Although levodopa is the preferred initial dopaminergic therapy for the majority of patients in managing motor symptoms in early disease, higher doses are more likely to cause dyskinesia. In patients with early Parkinson's disease, the lowest effective dose should be prescribed to minimize the chances of developing dyskinesia and other side effects. Patients should be counseled on these risks when making treatment decisions. In patients younger than 60 years with high risk for dyskinesia, dopamine agonists may be used.
Treatment should be initiated when symptoms begin to cause physical or social disability and decrease quality of life. Although a wait-and-watch approach may be employed, delaying therapy is not associated with worse outcomes, as was theorized in the past.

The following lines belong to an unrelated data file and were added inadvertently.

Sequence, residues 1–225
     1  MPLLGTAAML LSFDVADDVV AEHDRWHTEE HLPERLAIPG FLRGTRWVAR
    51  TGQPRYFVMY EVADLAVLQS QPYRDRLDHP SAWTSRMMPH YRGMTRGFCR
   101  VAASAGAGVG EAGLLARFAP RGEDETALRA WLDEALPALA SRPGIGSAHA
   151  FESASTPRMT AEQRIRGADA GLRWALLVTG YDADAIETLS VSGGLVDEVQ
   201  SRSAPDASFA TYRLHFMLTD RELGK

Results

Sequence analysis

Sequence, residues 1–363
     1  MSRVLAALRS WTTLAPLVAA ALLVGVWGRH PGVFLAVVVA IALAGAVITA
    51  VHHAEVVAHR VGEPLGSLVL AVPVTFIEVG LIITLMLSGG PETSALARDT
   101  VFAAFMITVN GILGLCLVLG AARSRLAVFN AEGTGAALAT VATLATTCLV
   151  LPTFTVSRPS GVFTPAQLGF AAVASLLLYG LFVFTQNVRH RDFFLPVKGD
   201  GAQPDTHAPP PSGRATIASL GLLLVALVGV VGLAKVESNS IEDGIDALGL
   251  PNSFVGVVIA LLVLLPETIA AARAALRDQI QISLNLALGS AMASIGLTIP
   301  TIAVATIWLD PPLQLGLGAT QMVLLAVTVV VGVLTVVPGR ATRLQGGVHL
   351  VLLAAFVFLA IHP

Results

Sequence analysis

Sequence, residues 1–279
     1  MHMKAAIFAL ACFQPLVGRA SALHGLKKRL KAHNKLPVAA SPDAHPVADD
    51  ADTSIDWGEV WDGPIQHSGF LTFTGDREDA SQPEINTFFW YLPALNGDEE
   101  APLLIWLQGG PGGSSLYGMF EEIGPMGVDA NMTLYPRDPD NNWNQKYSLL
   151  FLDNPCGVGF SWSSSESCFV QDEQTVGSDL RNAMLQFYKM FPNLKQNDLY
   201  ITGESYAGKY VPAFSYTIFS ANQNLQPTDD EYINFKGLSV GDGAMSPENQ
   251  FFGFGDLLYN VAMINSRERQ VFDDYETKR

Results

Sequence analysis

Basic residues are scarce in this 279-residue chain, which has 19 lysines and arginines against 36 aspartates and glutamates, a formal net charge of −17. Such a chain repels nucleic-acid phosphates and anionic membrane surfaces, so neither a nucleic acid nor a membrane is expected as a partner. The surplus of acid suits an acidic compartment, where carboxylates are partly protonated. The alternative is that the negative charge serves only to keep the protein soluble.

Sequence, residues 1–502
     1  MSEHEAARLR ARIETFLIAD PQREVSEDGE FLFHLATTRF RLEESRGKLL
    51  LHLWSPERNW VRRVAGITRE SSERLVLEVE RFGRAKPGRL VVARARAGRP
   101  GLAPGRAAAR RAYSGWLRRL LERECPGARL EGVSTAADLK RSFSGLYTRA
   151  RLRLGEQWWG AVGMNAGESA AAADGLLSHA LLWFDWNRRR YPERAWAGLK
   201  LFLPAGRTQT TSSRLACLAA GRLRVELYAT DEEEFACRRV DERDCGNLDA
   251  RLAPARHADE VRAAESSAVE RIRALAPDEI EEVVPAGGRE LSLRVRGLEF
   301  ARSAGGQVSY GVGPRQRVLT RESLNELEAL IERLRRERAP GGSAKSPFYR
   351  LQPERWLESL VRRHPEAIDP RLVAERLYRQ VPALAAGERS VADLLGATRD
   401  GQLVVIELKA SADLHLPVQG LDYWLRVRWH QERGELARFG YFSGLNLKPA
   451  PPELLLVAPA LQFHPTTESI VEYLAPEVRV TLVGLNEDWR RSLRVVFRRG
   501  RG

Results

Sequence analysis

While it is likely that various clinical phenotypes reflect divergent underlying mechanisms (which may respond differently to therapy), criteria to identify clinical subtypes have not yet been validated for Parkinson's disease, though patients may be classified by genetic profile. In most populations, 10%-15% of cases are linked to known Parkinson's disease genes, representing monogenic Parkinson's disease. Disease-modifying therapy is the focus of future research.
Learn more about what to consider in the treatment approach for Parkinson's disease.
Medscape © 2022 WebMD, LLC
Any views expressed above are the author's own and do not necessarily reflect the views of WebMD or Medscape.
Cite this: Rajesh Pahwa. Fast Five Quiz: Management of Parkinson's Disease - Medscape - Jan 13, 2022.